“Yes! They do! I don’t get it! I’m like ‘no, I’m off the clock,’ you know?

“If you met me, you wouldn’t know I was a comedian. I’m nice, but I’m not that funny.

“I don’t like to tell people that. When I’m on an airplane, I lie about what I do. The conversation completely changes when you tell somebody you’re a comedian. Constantly they try to tell you funny things about them in hopes that you’ll talk about them.

“A big one that I get is ‘oh you can use this in your act.’ You’ve never seen my act, you have no idea what I do. They’ll be like ‘uh-oh, be careful what you say, he’s going to use that as material.’

“I hate the “m” word. I like to talk, but the minute I tell them I’m a comedian, the whole conversation goes to crap.”

What are your inspirations?

“Other comedians — George Carlin is my favorite comedian of all time. Just the longevity and creation — every two years he had a new special. He had 14 specials. Comedy is really hard to come by, so just having one hour of material takes years, he had 14 of them that he put on television. And to do that, you have to have so much that doesn’t meet the light of day.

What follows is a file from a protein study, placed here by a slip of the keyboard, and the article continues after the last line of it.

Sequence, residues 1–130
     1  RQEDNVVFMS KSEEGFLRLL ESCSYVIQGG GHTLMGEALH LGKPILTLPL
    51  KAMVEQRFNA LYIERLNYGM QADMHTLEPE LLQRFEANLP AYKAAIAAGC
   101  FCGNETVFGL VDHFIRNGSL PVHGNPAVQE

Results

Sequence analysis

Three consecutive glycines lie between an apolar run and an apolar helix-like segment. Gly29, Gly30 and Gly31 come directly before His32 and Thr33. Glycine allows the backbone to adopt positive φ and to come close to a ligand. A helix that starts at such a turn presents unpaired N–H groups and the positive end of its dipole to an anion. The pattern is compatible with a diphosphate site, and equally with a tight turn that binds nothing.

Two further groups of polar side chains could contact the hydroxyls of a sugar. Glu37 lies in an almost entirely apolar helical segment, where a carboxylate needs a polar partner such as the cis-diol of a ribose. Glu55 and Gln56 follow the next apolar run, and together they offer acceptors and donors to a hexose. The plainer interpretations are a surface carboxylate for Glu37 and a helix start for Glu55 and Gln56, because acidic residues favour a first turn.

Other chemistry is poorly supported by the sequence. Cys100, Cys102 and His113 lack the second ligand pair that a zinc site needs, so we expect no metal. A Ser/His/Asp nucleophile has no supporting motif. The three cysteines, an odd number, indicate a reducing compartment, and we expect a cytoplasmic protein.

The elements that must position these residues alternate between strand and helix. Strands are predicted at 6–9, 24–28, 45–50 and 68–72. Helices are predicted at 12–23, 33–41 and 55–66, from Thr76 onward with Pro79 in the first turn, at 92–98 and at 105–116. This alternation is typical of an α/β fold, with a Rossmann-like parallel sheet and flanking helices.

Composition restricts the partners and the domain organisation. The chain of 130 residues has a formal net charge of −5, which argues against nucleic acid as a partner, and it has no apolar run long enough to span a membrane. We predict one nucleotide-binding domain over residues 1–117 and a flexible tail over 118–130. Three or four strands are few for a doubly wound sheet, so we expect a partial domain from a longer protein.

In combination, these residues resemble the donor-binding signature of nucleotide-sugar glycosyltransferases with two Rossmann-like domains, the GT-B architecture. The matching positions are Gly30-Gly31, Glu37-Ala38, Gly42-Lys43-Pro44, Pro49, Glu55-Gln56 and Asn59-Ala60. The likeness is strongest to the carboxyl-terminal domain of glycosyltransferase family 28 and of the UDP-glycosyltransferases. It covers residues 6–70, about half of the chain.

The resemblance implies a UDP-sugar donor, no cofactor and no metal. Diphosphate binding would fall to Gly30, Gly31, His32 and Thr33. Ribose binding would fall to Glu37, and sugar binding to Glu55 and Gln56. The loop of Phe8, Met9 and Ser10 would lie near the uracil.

“Like I’ve got, in my phone right now, about 200 jokes that have not seen the light of day. Either they’re not ready or you’re saving them for something that makes sense at another time. But in order to create that material you present, there’s so much material that you don’t present that leads to that.

“It’s about half and half for me, of material I write and stuff that happens to me. I prefer when it’s organic. I prefer something that happens in life. I’m not as confident in what I write out of nothing yet, but I’m slowly having faith in my own filter now.”

What about inspirations outside comedy?

“My mom and my dad. Those are the two funniest people on the planet. My dad is what I call purposefully funny — that’s somebody who is funny and they know they’re funny and they say funny things and it works.

“My mom is accidently funny. When she tries to make a joke, she’s not that funny. But when she’s being herself, when she just says whatever comes to her mind, she’s just the funniest human being on the planet. Just naturally, the things she does and says, are hilarious.”